Sandy Ward, founder and CEO of Toronto-based Homezilla (HZ), fielded questions from columnist Mark Evans on managing remote employees:
Q: Why would a company want to hire developers who work in a remote location, be it another city, another state/province or country?
A: There are three reason HZ hires in more remote locations:
(1) Specific skill set: The skill set is often more important than location. Finding geo-developers two-and-a-half years ago wasn't that easy. Luckily, we found someone in Cape Breton who had the skills we needed.
(2) Cost saving: Salaries in an area are usually related to housing cost. You save anywhere from 20- to 80-per-cent by going outside the big cities.
(3) Different point of view: We are real-estate focused, real estate isn't just in Toronto. Having people in other parts of the country helps develop a product that works for rural communities and big cities. Often when a team is in just one city that is all they focus on ... and that can be dangerous.
Q: What are the advantages/disadvantages?
A: If you are willing to have a remote team you can have happier employees (they are living where they want) that can cost less. This is a huge win-win for companies and employees. The biggest disadvantage is speed of development; not having everyone in the same place can slow a company down. Tough coding problems often need three to six developers working on them. When it is virtual you lose some of the 'aha' moments because people aren't looking over each other's shoulders. Easier coding problems, like a WordPress blog, can be perfect for remote teams. All that said, if you have a remote team with the skills you need to solve the tougher problems, then it doesn't always matter.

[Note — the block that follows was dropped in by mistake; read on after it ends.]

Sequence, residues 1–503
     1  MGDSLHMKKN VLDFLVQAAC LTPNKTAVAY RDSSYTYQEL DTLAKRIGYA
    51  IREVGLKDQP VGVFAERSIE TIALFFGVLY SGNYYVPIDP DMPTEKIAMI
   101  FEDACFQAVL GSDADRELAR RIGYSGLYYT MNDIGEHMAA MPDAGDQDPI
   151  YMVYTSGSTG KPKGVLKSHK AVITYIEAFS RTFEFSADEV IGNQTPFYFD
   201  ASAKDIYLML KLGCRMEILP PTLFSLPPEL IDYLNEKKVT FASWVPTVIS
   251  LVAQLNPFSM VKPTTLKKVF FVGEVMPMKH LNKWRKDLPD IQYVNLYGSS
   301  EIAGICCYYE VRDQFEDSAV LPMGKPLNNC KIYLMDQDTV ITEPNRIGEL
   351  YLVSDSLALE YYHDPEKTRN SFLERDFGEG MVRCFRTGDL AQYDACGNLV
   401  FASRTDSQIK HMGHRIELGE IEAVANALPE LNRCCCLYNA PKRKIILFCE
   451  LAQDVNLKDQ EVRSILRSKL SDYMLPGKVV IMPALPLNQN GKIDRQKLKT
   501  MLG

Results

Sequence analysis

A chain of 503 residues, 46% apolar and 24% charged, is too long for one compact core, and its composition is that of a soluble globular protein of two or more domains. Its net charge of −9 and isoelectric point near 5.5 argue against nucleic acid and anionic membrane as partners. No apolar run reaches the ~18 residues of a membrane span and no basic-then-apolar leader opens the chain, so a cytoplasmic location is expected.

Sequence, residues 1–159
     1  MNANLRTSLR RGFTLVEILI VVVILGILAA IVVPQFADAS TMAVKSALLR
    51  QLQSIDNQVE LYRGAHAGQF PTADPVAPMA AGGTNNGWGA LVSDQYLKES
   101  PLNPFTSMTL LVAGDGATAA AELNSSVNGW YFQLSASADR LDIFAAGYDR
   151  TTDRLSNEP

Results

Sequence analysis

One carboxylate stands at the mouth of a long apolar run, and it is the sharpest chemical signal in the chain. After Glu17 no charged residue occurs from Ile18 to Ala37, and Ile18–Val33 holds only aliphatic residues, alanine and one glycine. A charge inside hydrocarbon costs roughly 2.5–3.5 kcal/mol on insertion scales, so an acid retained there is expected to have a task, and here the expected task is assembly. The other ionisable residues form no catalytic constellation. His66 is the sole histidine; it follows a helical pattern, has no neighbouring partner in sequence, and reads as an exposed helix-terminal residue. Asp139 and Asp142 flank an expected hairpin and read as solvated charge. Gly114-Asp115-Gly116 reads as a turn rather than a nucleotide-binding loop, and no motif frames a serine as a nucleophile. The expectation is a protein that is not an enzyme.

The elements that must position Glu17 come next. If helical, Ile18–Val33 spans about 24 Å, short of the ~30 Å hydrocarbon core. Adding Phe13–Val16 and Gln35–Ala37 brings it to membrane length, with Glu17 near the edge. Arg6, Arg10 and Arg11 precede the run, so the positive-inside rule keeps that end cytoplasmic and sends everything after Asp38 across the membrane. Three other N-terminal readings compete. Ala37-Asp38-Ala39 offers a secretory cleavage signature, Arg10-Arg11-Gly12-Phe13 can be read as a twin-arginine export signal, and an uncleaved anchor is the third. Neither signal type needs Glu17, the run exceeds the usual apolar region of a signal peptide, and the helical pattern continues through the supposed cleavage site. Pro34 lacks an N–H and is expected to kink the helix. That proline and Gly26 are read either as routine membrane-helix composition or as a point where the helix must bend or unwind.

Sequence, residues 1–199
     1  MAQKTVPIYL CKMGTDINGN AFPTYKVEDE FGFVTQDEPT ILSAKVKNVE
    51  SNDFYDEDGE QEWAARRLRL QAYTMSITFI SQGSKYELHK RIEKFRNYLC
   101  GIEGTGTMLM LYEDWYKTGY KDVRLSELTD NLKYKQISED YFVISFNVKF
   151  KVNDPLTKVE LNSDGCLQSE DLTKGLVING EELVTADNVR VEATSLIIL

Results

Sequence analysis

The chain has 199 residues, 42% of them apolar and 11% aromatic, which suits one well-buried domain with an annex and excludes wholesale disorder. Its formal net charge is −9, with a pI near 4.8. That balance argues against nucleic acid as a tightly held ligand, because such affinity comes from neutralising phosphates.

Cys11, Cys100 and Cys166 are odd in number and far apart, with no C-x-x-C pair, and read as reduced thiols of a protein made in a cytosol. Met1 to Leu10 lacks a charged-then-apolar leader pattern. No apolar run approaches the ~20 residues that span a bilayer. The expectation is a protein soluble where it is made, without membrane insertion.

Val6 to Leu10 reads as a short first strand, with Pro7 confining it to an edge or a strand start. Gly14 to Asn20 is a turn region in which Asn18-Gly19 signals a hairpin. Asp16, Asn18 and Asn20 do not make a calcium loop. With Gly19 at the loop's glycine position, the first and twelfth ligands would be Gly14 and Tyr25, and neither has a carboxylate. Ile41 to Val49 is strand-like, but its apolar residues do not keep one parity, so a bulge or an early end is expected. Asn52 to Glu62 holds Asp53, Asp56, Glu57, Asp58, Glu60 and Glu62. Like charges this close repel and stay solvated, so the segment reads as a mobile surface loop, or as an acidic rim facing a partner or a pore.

Q: What are the keys to making sure these kind of employees are managed properly so they're productive, engaged and motivated?
A: Visibility! Visibility! Visibility! A remote work can feel isolated and alone, which will greatly reduce productivity. Something as simple as them running a monthly meeting, having their manager over-communicate some of their achievements, and impromptu personal calls to chat ( not check in) can all help. A big part of the visibility is connection to other team members; team members chatting in the hall over doughnuts doesn't happen to remote workers. But the impromptu call, if done regularly, can really help bridge this gap.
Q: How do you make them feel part of the team? Do you need to visit these employees from time to time to bridge the geographic gap?
A: Regular person visits are always good but a visit every three months isn't going to do much if there isn't ongoing support. Two tips: Find out a remote works love (sports team, wine, hobbies) and make sure they are discussed. If the team knows more personal stuff it is easier to build a relationship. But again, the impromptu personal calls go a long way, think of it as a 'hallway' chat for remote workers. Many people say IM is just as good but I disagree; a phone call builds relationships very differently than IM, texts, or emails.